So, the boys are safely settled back into the school routine. Now what?
Well, since you’re asking . . .
I’ve been stay-at-home momming, with a few homeschooling years thrown in, since the birth of my oldest son. I spent the months leading up to his birth frantically scribbling away at the middle years novel I was writing. I’d like to say that his early arrival scuttled that project, but he was born a mere week and a half ahead of schedule. I would have needed the gestation period of an elephant in order to finish that project before his birth. Who am I kidding? Even that wouldn’t have been near long enough.
I’ve returned to that novel numerous times during my 14 years of motherhood. It’s still not done. I’ve started a few stories. An adult novel. A couple chapter books. None of them are done either. I have completed a couple of picture books, however, one of which has made the rounds of several publishing houses. Twice it has come back with encouraging comments handwritten on the rejection slip.
For those of you not in the know, that is A VERY GOOD THING. Yes, it’s a rejection, but if a busy publisher has taken the time to make a handwritten comment, then maybe, just maybe, your work has merit. (In the spirit of full disclosure I will admit that one of those encouraging handwritten notes was from a receptionist. She said to let her know if it was ever published because she loved it and would buy it. Yet another example of talented people working way below their capabilities — she obviously should have been the editor of that publishing house.)
But here’s the thing. Every time I send out my manuscript, it takes 4 to 6 months to find out whether or not it has been accepted for print. That’s a long time and Leaf (the working title of my picture book) has already spent 2 years trying to find a home. On top of that, when he is finally accepted somewhere (at this pace, I’ll need a good swig of Geriatric Elixir in order to hold the pen steady enough to sign the contract — “Just put a great, big X right here, great-grandma.”), I will have absolutely no say in who illustrates the story. And, in a picture book, that is a very important consideration. The last thing I want is for my beautiful Leaf to be reduced to a cartoon caricature.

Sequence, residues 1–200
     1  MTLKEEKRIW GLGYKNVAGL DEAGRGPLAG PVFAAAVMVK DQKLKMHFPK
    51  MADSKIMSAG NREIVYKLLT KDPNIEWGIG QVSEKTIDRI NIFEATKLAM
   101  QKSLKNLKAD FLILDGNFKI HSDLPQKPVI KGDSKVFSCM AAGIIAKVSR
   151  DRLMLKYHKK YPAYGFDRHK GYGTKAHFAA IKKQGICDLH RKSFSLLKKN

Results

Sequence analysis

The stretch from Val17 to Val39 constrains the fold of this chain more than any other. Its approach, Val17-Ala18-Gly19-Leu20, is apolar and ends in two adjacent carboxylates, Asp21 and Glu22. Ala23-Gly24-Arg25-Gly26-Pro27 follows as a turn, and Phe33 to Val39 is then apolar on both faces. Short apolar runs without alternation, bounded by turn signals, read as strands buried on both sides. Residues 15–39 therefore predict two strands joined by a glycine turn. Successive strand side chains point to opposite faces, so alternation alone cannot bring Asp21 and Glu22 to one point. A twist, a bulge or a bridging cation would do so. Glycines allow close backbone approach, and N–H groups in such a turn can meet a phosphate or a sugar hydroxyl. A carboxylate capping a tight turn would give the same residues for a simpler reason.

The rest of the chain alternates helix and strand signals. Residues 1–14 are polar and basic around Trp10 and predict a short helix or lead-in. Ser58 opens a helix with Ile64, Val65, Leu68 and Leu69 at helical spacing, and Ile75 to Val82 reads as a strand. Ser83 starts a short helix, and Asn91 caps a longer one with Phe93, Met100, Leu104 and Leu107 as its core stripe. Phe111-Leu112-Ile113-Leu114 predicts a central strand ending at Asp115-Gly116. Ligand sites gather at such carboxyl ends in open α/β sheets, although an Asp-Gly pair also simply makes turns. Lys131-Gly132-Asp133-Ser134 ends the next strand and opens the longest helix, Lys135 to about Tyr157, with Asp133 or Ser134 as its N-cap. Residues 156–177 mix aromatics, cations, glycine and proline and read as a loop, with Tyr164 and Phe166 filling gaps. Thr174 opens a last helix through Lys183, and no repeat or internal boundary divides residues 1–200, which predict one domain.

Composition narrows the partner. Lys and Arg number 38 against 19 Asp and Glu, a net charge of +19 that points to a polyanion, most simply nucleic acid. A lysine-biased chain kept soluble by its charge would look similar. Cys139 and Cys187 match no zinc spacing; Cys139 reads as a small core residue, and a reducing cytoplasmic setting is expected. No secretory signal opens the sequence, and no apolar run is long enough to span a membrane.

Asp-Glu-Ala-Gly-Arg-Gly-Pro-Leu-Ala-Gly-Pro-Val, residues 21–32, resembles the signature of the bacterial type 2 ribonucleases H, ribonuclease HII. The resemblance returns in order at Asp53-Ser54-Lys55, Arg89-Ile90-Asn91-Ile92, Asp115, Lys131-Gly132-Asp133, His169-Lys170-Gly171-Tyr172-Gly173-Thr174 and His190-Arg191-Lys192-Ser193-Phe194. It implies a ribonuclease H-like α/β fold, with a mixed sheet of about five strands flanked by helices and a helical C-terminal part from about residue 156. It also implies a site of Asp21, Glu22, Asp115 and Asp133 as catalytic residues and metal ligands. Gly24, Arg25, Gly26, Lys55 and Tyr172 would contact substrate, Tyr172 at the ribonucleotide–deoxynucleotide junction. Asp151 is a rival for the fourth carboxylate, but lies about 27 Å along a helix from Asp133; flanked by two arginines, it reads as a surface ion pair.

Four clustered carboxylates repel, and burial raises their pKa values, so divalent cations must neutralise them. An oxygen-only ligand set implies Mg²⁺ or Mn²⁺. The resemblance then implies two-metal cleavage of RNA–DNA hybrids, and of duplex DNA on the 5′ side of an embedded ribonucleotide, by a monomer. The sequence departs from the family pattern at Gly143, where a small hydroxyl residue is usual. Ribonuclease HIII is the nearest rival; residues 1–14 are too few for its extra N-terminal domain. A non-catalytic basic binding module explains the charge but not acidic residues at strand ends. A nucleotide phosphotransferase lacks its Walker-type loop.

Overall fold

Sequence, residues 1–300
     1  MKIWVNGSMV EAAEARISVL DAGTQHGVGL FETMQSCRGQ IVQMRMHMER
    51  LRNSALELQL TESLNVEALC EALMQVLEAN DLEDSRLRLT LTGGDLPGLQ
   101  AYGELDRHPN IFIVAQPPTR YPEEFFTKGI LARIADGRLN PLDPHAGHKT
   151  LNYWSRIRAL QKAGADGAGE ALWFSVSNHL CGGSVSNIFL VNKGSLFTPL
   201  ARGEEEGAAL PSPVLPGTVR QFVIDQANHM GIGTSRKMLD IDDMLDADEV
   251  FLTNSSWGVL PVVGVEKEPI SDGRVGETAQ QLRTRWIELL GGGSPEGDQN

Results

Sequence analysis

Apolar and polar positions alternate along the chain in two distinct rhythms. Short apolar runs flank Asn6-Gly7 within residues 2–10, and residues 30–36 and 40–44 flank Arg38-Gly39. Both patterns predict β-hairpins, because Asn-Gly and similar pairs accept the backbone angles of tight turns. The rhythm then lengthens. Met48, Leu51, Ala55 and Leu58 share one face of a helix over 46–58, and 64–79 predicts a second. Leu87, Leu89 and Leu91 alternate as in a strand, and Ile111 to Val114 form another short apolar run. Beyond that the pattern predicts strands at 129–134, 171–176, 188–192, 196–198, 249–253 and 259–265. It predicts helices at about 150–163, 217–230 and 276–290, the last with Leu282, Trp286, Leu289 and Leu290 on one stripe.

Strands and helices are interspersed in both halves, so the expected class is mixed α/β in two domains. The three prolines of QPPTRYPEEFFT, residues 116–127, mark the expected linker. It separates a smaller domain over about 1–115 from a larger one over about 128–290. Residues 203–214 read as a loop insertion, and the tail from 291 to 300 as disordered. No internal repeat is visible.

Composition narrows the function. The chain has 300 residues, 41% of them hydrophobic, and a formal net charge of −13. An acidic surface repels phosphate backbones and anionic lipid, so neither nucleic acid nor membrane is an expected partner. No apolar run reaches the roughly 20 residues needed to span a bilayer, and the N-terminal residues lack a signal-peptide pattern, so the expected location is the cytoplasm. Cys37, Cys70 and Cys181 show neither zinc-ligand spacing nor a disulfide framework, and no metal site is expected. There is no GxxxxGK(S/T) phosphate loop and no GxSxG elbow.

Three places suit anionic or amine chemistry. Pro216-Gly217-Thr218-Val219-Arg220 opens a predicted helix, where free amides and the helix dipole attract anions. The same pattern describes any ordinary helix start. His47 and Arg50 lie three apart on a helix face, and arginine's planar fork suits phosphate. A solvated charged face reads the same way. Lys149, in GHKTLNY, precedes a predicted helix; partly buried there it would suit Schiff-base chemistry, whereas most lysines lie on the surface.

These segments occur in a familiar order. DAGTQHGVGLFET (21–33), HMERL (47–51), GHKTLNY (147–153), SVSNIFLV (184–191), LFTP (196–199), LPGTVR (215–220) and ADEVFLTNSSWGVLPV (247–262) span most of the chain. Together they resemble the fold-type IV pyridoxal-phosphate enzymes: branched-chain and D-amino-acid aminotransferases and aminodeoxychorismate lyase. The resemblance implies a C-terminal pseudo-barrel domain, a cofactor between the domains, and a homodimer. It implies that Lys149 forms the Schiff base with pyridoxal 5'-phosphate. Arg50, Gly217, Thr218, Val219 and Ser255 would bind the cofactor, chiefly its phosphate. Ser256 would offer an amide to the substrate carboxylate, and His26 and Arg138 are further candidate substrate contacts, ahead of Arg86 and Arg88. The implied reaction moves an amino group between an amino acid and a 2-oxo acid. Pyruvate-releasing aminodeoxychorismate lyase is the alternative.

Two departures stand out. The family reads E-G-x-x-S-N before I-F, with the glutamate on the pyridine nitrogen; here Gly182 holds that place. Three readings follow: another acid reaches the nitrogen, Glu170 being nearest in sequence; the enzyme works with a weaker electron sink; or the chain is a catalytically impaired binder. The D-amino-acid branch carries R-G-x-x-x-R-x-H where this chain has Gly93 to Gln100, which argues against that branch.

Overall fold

Last autumn, I heard a woman speak who had actually turned down a publishing offer because she already had her own illustrator. She had found someone whose work perfectly captured the feel of her story and she wasn’t willing to give that up for an in-house illustrator that might not do her story justice. Hmmmm. Interesting. Seed planted.
Three months later, I attended a day-long course on marketing your self-published book (correction: marketing your bestselling self-published book). I came away from that course discouraged, angry and frustrated. The seed that had just started poking a tender green shoot out of the dirt was trampled to smithereens.
So many things stuck in my craw that day that I’m not even sure where to start.
There was the assertion that “it’s not about the book.” It’s about the speaking engagements that will arise from the book. Apparently, that’s where the real money is. Excuse me, but what if it is about the book? What if you have a lovely story that speaks to readers of all ages and all you want to do is get that story in the hands of as many people as you can so they can cuddle up with their children and enjoy it together? I don’t want to give a speech about it. I want people to read it.
Then there was the constant reminder that I had to be authentic. That word was used countless times throughout the day, interspersed with pieces of advice like: create a marketing platform. This platform should be made up of at least 300,000 people reading your blog, subscribing to your newsletter, following you on Facebook, visiting your website. Blog? Facebook? Website? Oh, yeah. Here’s introverted me authentically chatting up my platoon of faceless “friends.”
Here’s another one: if you are not able to sell 50% of 30,000 copies then don’t do it. Excuse me? My self-publishing printer counsels against doing an initial print run of more than 500 copies. Unless I have a stellar marketing plan in place. But the seminar marketing guru says don’t even think of hiring him until you’ve got 300,000 people crowded onto your platform. AND BE AUTHENTIC! Can you say “crazymaker?”
But what really got me were the tips on how to create a bestseller. Principal among them was getting all your “friends” in your platform to buy your book at Amazon at precisely the day (and hour of the day) you have designated. And that manipulation is authentic . . . how?
So here it is, seven months after that fateful, dream-stomping day and I’m doing what? Writing a blog? What’s up with that? Have I sold my authentic soul for the shiny lure of a bestseller?
No. But to explain it all will take a whole other blog so . . . tune in next week.